The Redlands Northside Impact Committee has recognized SBVC’s STAR program for a 2019 Educational Award and named President Diana Z. Rodriguez “Latina of the Year” at its annual leadership and scholarship awards ceremony.

 SBVC’s STAR (Success Through Achievement & Retention) program was recognized for its impact on the well-being of hundreds of students and their families within the local community. A special federally-funded program designed to enhance student support services for first-generation, low-income students, STAR enrolls approximately 200 SBVC students every year.

Through the program, there is a strong circle of familiarity: counselors get to know the students, offering tools and resources for their day to day challenges. Participating students have graduated and transferred to colleges all across the country, including UCLA, California State University Long Beach, Cal Baptist and the University of Alaska. They have gone on to pursue careers in a variety of fields, including social work, medicine, business and theatre arts. Most of the students served are either first-generation college goers, meaning neither parent has a bachelor’s degree, or low income or have a physical or learning disability.

For all students, the main objective is to provide services that keep them encouraged through graduation, and the opportunity to transfer on to a four-year university for their bachelor’s degree. Deanne Rabon, the program’s coordinator, said that the majority of STAR students maintain positive academic standing, persisting, continuing and finishing their programs.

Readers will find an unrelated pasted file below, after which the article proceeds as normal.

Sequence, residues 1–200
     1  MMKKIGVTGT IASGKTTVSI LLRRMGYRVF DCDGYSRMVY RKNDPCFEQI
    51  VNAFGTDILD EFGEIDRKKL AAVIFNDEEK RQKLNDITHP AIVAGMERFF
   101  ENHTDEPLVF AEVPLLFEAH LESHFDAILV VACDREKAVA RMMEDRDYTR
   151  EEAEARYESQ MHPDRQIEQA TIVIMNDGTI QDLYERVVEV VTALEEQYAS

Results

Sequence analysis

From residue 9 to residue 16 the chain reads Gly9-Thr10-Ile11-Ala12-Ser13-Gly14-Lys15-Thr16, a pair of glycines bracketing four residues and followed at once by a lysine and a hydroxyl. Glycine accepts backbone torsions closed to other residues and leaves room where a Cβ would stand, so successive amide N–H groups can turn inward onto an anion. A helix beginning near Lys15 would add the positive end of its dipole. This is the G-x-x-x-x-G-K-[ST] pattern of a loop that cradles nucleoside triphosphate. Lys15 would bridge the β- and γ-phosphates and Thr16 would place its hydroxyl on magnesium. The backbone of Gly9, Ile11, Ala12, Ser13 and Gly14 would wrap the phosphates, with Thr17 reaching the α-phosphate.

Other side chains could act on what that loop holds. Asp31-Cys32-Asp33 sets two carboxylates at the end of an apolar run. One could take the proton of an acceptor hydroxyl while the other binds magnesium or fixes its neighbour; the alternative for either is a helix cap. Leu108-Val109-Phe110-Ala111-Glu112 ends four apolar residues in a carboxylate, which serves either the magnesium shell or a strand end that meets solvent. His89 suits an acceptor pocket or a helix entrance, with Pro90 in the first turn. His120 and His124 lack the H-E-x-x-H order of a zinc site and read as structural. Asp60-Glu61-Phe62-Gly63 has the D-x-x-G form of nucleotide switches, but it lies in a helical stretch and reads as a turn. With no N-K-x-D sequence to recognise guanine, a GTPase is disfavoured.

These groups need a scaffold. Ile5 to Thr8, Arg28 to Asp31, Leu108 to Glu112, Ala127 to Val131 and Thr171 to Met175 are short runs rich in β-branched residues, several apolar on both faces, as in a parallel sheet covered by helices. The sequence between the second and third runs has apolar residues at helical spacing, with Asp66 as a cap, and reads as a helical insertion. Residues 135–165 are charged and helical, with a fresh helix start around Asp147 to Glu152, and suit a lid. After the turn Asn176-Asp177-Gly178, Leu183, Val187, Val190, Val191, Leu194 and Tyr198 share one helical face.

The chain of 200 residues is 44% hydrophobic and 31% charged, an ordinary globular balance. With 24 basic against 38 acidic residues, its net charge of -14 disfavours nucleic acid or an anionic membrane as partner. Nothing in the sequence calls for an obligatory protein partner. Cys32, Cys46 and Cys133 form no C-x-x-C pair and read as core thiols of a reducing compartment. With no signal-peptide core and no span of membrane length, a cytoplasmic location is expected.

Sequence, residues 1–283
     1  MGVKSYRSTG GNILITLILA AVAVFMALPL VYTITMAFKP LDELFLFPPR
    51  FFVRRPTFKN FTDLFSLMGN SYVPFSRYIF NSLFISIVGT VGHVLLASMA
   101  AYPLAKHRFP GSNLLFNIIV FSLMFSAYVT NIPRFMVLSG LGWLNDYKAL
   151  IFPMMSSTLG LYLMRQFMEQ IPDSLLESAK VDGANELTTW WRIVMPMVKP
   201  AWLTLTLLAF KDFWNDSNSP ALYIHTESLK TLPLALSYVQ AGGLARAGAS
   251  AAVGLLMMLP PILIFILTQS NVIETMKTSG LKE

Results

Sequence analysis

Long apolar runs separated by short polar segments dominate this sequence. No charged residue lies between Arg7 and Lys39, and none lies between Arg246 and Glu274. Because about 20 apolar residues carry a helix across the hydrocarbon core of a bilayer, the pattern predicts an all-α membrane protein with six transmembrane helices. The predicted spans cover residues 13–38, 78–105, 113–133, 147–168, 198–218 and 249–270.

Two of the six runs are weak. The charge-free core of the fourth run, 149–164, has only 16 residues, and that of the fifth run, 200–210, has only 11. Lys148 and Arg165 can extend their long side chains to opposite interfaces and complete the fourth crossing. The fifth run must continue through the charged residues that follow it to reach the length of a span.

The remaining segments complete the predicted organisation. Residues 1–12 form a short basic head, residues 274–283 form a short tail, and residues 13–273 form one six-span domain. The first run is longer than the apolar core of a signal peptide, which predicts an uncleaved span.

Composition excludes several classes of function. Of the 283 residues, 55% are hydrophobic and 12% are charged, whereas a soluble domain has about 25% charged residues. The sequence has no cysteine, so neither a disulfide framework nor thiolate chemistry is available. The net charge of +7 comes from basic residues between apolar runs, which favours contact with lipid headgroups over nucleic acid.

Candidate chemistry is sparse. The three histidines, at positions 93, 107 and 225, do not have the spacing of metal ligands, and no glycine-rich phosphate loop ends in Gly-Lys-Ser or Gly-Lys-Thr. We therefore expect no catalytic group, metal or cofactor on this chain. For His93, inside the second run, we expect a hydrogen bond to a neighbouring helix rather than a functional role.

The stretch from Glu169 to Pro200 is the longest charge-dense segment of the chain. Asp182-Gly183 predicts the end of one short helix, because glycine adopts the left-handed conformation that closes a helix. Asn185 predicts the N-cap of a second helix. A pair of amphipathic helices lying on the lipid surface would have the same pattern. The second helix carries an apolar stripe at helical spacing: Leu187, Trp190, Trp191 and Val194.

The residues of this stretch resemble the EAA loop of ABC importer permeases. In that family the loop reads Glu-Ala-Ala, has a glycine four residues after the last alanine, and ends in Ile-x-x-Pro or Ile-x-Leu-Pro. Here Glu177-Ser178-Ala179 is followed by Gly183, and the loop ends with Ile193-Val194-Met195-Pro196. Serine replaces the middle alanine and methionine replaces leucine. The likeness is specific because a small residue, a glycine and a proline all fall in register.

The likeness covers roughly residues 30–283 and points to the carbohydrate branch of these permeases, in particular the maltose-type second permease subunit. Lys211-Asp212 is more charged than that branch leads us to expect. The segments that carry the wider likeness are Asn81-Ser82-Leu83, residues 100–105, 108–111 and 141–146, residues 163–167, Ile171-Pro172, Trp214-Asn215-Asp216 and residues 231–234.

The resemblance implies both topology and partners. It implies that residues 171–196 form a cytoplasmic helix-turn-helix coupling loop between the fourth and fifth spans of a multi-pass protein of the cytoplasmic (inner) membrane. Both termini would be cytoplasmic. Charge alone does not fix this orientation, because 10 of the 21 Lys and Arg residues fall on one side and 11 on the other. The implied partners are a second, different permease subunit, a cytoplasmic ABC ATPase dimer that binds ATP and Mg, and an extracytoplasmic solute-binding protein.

In 2018, SBVC students and employees celebrated the STAR program’s 25th anniversary since first launching at the college. The campus received its first round of funding in 1993, and has been going strong ever since with a variety of no-cost services, tutoring, and counseling.

According to Rabon, the most important aspect of the program is its inspirational model. STAR staff want students to know they can dream big on their goals, and feel comfortable stepping onto any higher education campus. The program regularly hosts field trips to four-year universities so that students can experience other campuses, and equip them to make decisions on transfer opportunities. Recent visits included Arizona State University at Lake Havasu City, University of Nevada, Las Vegas, and UC San Diego, among several other campuses.

All students in the program are considered nontraditional. They are returning to school, getting re-acclimated, and getting a degree for the first time. “We have from 18 years to the oldest, who is in their 70s, we try to help a broad spectrum of students on campus and be that support system,” Rabon said. “We try to be that safe haven, that port in the storm.”

As the Northside Impact Committee’s “Latina of the Year,” President Rodriguez was recognized for her contributions to the betterment of the local community, as well as serving as a role model for future generations of leaders. A first-generation community college graduate, President Rodriguez’s background reflects the sociocultural experiences of many of the students SBVC serves.